The market for augmented reality and virtual reality in the United States is projected to grow at a compound annual growth rate of over 37 percent between 2015 and 2020.
Unlike virtual reality, which is an artificial, computer-generated simulation of an environment or situation, augmented reality works by combining digitally generated information with a person’s physical world.
By using AR technology, such as Microsoft’s HoloLens, Samsung’s Oculus or DAQRI’s various devices, manufacturers have the potential to access an abundance of information for any object that is connected to the Internet of Things.
Here are five ways the use of this AR technology is transforming manufacturing.
1. Augmented reality improves plant productivity.
Augmented reality allows plant operations to save time, money and resources — ultimately increasing productivity. These tasks include anything from product information, assembly instructions, and operating procedures to checklists, floor plans, and safety reminders.
Lockheed Martin used to require engineers with many years of specific training to assemble their places. Recently, though, the company began using augmented reality glasses and accompanying software that provide real-time visuals during the plane’s assembly.
These transparent glasses incorporate a front-facing camera that uses motion depth sensors to overlay images onto the technician’s working environment. The software has been extremely successful — allowing engineers to work 30 percent faster and with accuracy up to 96 percent.
2. It ensures high-quality machinery.
Production downtime can cost a manufacturing organization hundreds of thousands of dollars. By implementing an AR solution, engineer technicians quickly and easily detect an error, identify the part of the machine that needs attention and access instructions on how to fix the issue.
ThyssenKrupp, an elevator manufacturer, is arming its field repair workers with HoloLens. Once an IoT sensor detects that something is going to break, it lets employees know and informs them of the proper tools they need to bring along. Then, they use HoloLens to get the instructions sent straight before their eyes.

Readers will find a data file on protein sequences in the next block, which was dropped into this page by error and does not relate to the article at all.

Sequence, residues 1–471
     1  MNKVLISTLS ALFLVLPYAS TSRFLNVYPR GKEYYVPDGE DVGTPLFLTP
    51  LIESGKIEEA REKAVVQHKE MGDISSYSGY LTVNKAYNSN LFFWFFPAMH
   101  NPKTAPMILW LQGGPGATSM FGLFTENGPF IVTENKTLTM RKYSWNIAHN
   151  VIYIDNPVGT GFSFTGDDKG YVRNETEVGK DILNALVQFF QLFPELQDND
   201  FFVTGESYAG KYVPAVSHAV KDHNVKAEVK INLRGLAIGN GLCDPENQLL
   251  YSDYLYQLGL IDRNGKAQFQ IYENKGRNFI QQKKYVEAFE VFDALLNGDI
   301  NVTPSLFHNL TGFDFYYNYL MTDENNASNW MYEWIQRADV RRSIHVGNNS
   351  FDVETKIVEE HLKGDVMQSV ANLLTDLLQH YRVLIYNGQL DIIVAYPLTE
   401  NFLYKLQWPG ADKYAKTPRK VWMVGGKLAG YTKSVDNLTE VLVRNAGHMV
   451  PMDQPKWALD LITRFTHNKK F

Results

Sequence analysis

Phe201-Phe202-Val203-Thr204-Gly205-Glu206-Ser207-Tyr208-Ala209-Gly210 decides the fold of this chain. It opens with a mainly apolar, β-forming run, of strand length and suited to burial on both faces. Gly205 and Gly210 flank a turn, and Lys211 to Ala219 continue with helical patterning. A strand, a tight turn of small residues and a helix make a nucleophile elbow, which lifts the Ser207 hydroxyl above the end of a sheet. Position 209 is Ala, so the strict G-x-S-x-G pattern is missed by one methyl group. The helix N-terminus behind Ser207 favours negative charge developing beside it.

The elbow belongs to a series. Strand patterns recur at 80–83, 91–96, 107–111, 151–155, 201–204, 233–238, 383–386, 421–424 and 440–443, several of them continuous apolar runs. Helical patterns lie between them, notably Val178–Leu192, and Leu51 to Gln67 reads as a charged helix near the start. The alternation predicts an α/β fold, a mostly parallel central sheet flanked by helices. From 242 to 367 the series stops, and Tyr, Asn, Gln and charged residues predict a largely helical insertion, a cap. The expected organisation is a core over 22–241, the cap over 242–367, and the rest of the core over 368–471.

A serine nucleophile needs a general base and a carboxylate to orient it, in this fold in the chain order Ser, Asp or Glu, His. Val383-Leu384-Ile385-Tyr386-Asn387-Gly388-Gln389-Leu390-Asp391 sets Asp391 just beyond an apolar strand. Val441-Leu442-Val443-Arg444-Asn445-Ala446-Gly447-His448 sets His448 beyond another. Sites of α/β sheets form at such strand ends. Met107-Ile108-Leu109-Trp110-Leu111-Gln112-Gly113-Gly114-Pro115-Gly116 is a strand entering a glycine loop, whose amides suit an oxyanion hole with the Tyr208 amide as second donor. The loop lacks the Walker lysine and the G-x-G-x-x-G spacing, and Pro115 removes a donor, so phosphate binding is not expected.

Additionally, the company’s AR technology allows for remote support. Using tools like Skype, technicians are able to share streaming video with off-site employees — which is helpful when they’re dealing with knowledgeable veteran employees who are unwilling to go out in the field.
3. AR streamlines employee training.
Previously, manufacturing leaders had to spend a lot of time and resources training trusted employees to create their complex products — and even then, there was always room for human error. With AR, companies are able to produce a lot more for a lot less — without increasing their workforce or the workload of their current workforce.
Bosch, for example, recently took a nationwide tour to educate service technicians on direct-injections and breaking technology. With 750 mobile stops, the company used the Oculus Rift headset to train between 8,000 and 10,000 employees on the inner workings of a car.
4. Augmented reality could eliminate product errors.
Manufacturing production errors and defects waste time, lose money and, in certain industries (such as medical or pharmaceutical), cost lives. No matter the company, quality issues also lead to legal concerns and lost of brand-name trust.
With AR technology, manufacturers can easily view information about a product, its part or its performance and not only tell if it’s functioning properly, but access instructions on how to fix it, if necessary.
Airbus, an aircraft manufacturer, uses Smart Augmented Reality to detect product errors. When it analyzes bracket installation, inspectors use a tablet with a camera that superimposes a virtual image of the as-designed assembly over the actual as-built product. They’re then able to detect any deviation. The introduction of AR has reduced inspection times from three weeks to three days.
5. It allows for efficient design and prototyping.
When manufacturers implement AR, they’re able to experience all of the possible scenarios before actually inventing it. This essential step of the design process avoids problems before they arise, ultimately saving companies a lot of money.
Volkswagen, for example, uses spatial augmented reality, a technology that uses a projector to show virtual data on a real model (such as a vehicle or design model).
“The advantage of SAR in the design and development process is that the user can analyse the virtual data straight away in reality in a familiar environment,” the company’s website explains. “This means that the acceptance rate for this technology is extremely high.”
How are you using augmented reality in manufacturing?
Does your manufacturing facility utilize augmented reality? How has this changed your processes? We’d love to chat! Let us know and tweet us @AppleRubber.